GOLDEN GATE ESTATES — Immokalee farmworkers and their allies carried signs and chanted Thursday outside a Publix in Collier County to call for the supermarket giant to pay more for tomatoes.
About 85 farmworkers with the Coalition of Immokalee Workers, members of World Communion of Reformed Churches and other supporters gathered on the birthday of legendary farmworker leader Cesar Chavez at the Shoppes at Pebblebrook at the corner of Collier Boulevard and Immokalee Road in Golden Gate Estates.
“What we want is for Publix to be responsible for the farmworkers who pick their tomatoes,” Nelly Rodriguez, a coalition member and Immokalee farmworker, said in Spanish.
Supporters waved signs that read “Publix Profits from Farmworkers Poverty,” “Stop Exploiting” and “Justice for Tomato Pickers” during an hour-long protest. Several car horns honked in their support.
For more than two years, the coalition has demanded that Publix improve working conditions for tomato pickers by adopting a code of conduct that includes a zero tolerance on slavery and by talking directly with the coalition about farmworker issues.
The coalition is seeking a commitment to pay workers a penny more per pound of tomatoes picked. Workers are paid about 50 cents a bucket for each 32-pound bucket of tomatoes, according to the coalition.
Shannon Patten, a Publix spokeswoman based in Lakeland, Fla., said the extra penny per pound should be put in the price.
“We are more than willing to pay a penny more per pound, or whatever the market price for tomatoes will be,” Patten said in an email.
“We suggest that they put the cost of the tomatoes in the price they charge the industry.”
But Jordan Buckley, staff member of Interfaith Action of Southwest Florida, said that’s how the program, which is currently used with other companies, works.
Instead, the repacker would charge the extra penny to Publix, and the extra penny then would be distributed to the growers and then to the farmworkers, Buckley said.
Gerardo Reyes, a CIW staff member and Immokalee farmworker, echoed Buckley.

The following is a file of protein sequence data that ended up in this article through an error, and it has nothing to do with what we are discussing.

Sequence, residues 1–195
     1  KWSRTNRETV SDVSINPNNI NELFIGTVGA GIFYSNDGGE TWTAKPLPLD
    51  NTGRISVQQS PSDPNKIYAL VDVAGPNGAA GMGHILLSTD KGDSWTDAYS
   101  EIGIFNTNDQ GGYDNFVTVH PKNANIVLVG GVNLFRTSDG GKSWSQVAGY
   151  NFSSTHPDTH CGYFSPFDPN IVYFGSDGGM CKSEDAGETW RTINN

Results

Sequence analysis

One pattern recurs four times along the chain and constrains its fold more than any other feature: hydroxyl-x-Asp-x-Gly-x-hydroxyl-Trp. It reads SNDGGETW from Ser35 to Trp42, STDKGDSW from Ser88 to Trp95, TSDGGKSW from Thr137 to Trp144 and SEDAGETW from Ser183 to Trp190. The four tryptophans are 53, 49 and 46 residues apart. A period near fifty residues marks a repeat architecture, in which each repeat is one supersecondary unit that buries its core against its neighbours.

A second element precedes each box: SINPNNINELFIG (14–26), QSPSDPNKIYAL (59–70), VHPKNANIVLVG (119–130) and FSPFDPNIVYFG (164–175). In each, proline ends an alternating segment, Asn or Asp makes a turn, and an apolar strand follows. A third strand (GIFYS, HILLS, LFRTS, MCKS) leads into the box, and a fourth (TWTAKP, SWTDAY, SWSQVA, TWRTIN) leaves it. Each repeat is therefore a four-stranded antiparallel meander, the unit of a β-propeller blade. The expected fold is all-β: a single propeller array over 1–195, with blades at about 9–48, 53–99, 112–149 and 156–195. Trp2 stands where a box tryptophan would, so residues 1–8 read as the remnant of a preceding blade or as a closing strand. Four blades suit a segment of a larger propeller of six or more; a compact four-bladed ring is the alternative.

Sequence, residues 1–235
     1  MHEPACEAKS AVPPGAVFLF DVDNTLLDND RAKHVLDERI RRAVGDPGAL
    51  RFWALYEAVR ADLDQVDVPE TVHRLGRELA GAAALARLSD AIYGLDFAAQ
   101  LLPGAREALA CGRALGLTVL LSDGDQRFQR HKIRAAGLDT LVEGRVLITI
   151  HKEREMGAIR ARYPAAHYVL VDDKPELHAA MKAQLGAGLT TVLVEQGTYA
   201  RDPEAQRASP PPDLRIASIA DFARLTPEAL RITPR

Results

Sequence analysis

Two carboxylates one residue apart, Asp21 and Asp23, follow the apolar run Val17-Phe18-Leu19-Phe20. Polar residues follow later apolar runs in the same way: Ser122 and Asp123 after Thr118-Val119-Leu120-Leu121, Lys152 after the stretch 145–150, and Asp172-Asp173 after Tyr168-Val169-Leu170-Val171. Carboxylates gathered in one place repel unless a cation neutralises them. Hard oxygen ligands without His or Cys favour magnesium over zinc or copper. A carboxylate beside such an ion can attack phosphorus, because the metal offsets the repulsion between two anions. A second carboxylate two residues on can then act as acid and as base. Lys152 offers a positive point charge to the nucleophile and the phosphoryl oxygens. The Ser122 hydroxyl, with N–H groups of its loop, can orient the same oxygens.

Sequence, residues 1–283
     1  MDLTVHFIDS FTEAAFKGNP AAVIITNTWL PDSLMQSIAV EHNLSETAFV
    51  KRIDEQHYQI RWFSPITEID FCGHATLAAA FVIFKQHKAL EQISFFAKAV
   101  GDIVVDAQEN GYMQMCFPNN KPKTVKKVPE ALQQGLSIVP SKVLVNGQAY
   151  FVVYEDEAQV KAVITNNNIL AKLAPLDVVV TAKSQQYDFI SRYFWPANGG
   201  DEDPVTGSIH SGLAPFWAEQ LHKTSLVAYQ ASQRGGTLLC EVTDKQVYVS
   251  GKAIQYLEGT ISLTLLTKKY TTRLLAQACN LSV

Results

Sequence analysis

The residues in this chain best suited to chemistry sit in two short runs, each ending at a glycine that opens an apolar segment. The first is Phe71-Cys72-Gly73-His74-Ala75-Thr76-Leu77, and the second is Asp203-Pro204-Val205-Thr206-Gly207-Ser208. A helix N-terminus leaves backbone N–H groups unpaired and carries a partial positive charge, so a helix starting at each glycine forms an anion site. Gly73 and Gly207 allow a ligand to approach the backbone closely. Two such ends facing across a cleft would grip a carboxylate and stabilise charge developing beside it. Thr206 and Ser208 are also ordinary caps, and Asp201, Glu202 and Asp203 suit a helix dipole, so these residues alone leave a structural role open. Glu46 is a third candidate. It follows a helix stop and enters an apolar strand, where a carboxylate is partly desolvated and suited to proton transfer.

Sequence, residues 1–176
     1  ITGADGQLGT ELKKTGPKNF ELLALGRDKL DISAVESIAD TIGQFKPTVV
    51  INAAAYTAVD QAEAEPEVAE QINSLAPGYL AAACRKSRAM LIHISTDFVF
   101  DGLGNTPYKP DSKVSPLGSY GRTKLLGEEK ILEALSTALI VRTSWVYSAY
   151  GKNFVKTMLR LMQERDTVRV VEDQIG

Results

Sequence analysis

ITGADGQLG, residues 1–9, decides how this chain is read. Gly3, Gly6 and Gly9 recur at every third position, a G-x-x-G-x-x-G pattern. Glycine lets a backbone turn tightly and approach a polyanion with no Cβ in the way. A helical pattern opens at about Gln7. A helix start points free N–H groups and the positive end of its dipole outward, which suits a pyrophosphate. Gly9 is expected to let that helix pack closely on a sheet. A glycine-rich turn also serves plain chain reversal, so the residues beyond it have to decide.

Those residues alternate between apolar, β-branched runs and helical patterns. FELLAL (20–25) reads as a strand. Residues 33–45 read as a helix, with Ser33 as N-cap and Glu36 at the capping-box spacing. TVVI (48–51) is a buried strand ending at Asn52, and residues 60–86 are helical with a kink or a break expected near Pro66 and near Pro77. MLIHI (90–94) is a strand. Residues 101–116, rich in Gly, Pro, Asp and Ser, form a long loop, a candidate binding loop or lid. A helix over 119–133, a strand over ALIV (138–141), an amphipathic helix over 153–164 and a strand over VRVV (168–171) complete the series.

Reyes said Publix would understand if its representatives sat at the table with the coalition.
“Publix will not pay employees of other companies directly for their labor. That is the responsibility of their employers,” Patten said in an email.
“Employers should pay wages, not those outside of the employment relationship.”
As Publix has stated before, Patten said, this is a longstanding labor dispute and Publix doesn’t get involve in labor disputes between suppliers and their employees.
“We do not have a conflict with the CIW,” she said.
“The CIW is seeking to negotiate wages and working conditions of employment with the growers, and the CIW is trying to drag Publix into these negotiations.”
Publix, which buys from coalition-approved growers, is unaware of any single incident of slavery or violations of human rights existing in its food supply chain, Patten stressed.
While Publix is the coalition’s current target, other companies have been approached before. The coalition has reached agreements to improve wages and working conditions for workers who pick tomatoes for Whole Foods, Subway, McDonald’s, Burger King, Yum! Brands and Aramark.
Vanderbilt Presbyterian Church pastor Tom Harp said he doesn’t understand Publix’s resistance to the coalition’s requests.
“I hope they sign up quickly,” he said.
Among Publix shoppers who support the coalition’s demands was Annie Alvarez.
“They deserve the penny,” Alvarez said.
“It’s ridiculous. People really need to go see what they do.”
Alvarez added that she thinks the economy can support that.
Connect with Tracy X. Miguel at www.naplesnews.com/staff/tracy_x_miguel/.